Berry reported net earnings of $172 million, or $3.09 a share for 2012. Revenues for the year were just shy of a billion dollars at $937 million with net cash provided by operating activities of $501 million. These numbers are all higher than the prior year's, when the company reported a loss of $228 million on revenue of $871 million.
That loss in 2011 was the result of a large impairment charge relating to its East Texas natural gas assets and a non-cash loss on derivative investments. If you back out those charges the company still managed to deliver cash from operating activities of $456 million. Still, 2012 was a year of improvement for the company, especially in production and reserves.
The drill down
Overall production averaged 36,402 barrels of oil equivalent per day for the year, with even better results in the fourth quarter as production averaged 39,500 barrels of oil equivalent per day. Oil production growth was the big news item here as it rose from 70% of Berry's production mix in 2011 to 75% of production in 2012.
Berry also delivered fantastic oil margins with the sales of its California heavy oil being priced at a $9 average premium to West Texas Intermediate. Overall, the company's operating margins rose from $45 per barrel of oil equivalent in 2011 up to $49 in 2012. That high-margin oil would make any producer salivate.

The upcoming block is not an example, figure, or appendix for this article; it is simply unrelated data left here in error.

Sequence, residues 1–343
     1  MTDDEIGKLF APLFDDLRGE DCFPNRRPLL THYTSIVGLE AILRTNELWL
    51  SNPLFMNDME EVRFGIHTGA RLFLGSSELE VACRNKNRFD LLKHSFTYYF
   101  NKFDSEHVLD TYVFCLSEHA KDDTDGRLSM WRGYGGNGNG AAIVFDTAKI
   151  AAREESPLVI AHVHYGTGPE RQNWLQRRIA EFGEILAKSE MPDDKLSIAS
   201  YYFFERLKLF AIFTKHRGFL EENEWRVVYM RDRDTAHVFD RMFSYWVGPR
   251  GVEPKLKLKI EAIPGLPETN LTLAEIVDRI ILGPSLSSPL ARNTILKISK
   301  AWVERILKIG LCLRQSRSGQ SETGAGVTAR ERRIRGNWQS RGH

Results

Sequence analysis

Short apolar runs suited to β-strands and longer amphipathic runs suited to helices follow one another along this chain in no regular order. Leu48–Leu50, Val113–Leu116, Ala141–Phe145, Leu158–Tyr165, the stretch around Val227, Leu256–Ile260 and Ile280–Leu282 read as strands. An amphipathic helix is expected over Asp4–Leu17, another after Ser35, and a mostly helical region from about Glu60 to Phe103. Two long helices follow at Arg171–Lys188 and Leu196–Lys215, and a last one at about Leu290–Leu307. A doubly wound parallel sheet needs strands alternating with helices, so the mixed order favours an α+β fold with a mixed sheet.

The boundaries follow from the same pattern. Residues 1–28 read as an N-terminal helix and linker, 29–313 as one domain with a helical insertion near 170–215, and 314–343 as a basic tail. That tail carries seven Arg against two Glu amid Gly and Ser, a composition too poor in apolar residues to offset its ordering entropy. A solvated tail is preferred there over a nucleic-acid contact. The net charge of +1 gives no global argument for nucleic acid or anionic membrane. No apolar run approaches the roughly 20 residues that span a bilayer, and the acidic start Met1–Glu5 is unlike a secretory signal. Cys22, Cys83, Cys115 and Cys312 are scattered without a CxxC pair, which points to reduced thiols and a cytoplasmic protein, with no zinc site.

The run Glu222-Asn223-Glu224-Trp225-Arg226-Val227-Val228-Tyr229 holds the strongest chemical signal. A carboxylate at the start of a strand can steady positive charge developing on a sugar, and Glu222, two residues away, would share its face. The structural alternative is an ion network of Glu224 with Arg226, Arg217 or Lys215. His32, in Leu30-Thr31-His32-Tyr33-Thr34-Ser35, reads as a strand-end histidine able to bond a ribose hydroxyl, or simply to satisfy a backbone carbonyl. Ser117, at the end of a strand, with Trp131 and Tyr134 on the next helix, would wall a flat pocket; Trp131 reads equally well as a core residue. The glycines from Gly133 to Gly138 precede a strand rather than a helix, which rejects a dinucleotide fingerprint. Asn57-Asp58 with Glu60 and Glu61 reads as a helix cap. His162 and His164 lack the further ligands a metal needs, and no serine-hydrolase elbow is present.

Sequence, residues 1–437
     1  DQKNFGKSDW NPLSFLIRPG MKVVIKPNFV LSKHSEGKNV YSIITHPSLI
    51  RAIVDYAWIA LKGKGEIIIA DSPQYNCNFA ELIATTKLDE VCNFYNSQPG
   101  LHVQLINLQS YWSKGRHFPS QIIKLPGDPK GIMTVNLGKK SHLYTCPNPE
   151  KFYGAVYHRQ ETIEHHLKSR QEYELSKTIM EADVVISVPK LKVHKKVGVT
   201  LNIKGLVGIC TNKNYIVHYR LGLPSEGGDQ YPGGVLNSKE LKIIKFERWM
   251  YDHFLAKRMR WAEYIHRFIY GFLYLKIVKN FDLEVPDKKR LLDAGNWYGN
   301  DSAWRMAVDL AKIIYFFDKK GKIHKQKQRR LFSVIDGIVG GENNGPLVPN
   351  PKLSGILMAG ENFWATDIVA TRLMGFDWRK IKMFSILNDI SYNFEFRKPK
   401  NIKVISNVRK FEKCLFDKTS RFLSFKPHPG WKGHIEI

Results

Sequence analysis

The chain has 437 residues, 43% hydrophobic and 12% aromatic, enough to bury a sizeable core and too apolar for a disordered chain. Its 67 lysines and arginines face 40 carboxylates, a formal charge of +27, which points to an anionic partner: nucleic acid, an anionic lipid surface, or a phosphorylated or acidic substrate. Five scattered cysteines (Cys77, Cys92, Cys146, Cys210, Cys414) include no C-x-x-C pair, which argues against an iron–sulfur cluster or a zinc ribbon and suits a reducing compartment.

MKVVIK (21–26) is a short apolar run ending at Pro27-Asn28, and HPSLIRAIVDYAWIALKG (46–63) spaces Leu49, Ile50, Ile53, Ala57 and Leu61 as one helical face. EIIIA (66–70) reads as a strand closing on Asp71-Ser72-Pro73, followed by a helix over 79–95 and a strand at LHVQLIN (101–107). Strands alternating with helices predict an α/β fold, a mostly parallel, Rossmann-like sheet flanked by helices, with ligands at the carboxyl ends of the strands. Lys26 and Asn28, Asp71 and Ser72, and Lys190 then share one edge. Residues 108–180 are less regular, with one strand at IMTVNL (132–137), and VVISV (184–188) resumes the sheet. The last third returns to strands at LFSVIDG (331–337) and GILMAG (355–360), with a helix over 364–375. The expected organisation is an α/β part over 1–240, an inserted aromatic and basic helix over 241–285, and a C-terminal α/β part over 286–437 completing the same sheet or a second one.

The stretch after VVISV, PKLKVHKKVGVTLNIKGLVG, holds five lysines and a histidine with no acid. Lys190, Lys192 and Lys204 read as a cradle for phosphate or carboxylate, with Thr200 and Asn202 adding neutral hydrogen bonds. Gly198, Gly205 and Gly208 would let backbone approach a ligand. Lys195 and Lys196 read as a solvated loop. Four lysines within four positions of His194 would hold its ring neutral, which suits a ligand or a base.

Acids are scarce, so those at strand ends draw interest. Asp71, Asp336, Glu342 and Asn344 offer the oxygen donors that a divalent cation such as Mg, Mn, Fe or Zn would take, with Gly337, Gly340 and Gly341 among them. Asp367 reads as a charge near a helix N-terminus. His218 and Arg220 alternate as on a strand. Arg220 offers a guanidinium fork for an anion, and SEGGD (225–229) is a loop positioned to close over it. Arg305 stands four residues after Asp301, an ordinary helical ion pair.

If you've been following the energy story over the past year you'll know that we've experienced a great bottleneck in takeaway capacity which has resulted in a glut of oil. This has depressed prices with West Texas Intermediate trading at a large discount to global benchmark Brent Crude oil while oil out of the Bakken and the Canadian oil sands have traded at even steeper discounts.
As of the end of 2012, proved oil and gas reserves were estimated to be 275 million barrels of oil equivalent. The company added 38 million barrels of oil equivalent of proved reserves at its oil properties.
Our California heavy crude is sold at local posted prices, which differ from established market indices due primarily to the higher refining costs associated with heavy crude and differences in supply origin at domestic refineries.